I can only recall two rough times I had throughout the whole year, the rest of the bad were very minuscule to me. I originally had been placed in Daejeon, but a few days before my departure, I was relocated to Cheonju, which made things trickier for me because I had already done so much research about Daejeon. I wish that was handled better with enough time as well. The first night in SK was the most difficult. Many things could have been prevented if it wasn't for unpreparedness because 1) I was alone, 2) My Korean was still rough 3) I had no sim-card which meant no service and 4) I had no proper directions to get to my apartment. Although that was the case, the employees were very patient with me and some would direct me to my next location. There was also wi-fi practically everywhere and was able to contact my director and recruiters. I do want to say that on my way to my apt during one of my train transfers, there was staff helping people board while lifting their luggage; I don't know what happened for my case, but one of the helpers yanked me down the train steps and started angrily yelling at me. I still don't know why that happened, but it left me really shaken. At that moment I questioned whether I should have come to Korea because it was only the first night and it was already BAD. Glad I stuck it out in the end! (:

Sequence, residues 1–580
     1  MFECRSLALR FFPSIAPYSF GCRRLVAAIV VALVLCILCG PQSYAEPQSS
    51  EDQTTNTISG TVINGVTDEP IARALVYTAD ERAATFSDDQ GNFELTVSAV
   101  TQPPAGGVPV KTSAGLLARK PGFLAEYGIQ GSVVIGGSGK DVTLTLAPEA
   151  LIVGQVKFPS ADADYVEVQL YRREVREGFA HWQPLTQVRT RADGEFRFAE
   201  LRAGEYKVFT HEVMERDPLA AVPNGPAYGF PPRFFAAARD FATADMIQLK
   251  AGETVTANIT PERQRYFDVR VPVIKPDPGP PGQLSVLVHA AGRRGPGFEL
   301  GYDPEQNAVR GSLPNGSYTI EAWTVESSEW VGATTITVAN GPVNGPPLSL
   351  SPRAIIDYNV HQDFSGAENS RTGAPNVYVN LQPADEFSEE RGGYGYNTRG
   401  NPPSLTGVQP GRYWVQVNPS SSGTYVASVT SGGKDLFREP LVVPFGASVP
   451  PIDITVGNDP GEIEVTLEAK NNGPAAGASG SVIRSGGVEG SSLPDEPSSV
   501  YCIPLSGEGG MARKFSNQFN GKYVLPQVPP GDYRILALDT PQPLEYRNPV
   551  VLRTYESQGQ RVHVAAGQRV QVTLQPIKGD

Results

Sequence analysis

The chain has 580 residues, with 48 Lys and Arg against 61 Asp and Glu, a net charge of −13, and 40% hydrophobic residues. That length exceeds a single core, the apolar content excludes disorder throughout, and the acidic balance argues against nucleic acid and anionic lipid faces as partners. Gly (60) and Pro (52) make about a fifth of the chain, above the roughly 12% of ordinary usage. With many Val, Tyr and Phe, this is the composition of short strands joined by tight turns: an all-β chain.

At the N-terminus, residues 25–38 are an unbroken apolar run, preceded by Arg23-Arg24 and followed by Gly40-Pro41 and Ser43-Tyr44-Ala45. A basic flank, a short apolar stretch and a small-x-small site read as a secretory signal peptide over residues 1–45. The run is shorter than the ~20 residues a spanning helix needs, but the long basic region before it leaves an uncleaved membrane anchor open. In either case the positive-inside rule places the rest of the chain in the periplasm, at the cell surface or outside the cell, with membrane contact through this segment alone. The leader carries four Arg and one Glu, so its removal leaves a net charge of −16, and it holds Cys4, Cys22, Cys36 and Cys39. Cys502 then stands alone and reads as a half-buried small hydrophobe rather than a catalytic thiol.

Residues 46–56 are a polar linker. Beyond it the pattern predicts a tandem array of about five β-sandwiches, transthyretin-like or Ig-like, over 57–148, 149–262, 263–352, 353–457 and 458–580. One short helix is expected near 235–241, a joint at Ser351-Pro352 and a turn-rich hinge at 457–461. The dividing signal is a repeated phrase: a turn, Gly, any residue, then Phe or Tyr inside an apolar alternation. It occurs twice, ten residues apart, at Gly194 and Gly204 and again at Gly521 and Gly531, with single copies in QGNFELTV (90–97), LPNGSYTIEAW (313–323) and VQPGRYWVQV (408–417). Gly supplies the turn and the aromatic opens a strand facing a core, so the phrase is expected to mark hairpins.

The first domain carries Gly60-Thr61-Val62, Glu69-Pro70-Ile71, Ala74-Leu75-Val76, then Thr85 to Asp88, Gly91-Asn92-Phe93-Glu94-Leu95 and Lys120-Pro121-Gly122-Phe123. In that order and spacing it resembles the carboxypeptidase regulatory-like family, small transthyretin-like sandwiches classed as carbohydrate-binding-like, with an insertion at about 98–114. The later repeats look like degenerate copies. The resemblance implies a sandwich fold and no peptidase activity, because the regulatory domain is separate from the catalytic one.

Regarding what work was like, it honestly still feels so surreal! A fever dream. My school was completely new, and by new, I mean everyone working for the school showed up on the first day only to see it was still sort of under construction. I find it funny because I didn't know what to expect and it sure would have never been that. The first month just consisted of cleaning, setting up equipment, and preparing for opening day. Since the school was new, all the higher-ups only focused on attracting parents so they can enroll their kids and as of result, none of us teachers had proper training. Me, my coworkers, and our co-teachers (Korean teachers) were teaching blindly, but the best that we could for our students. It was a very "here's the teaching materials, here's your schedule, figure it out on your own." We had no idea what any of the subjects we were teaching, let alone how they wanted us to approach it or what the goal was. For some reason, I thought that by being an English Teacher, it meant that I would be teaching English as an elective, but it was actually teaching all subjects in English. I wasn't aware that I had to be teaching 1st graders 5th grade level science. Luckily my 5-6 year olds new a bit of English, so teaching and communicating with them was never an issue. If there were times I didn't understand, my co-teacher would help out, so the assistance was great! The second most difficult time I had was when my director placed me with the youngest class for the new school term. They were 4 turning 5 year olds (international age) and they came in not knowing any English. I couldn't even teach and was frustrated because it felt more like daycare. The most important thing during that time wasn't for them to learn English, it was really about building connections with each one of them. Once they finally got used to the class routine and opened up, it made teaching a lot easier. Although teaching was the main point of this program, I realized the most significant thing about teaching was forming bonds with your students. Once you and your class form that bond, you can understand the strengths and weaknesses in yourself and your students better. This helped my actual teaching because I was able to focus on areas that needed more improvement while reinforcing the strengths. I got so attached that I still miss them now because I grew together with my students and witnessed their improvements.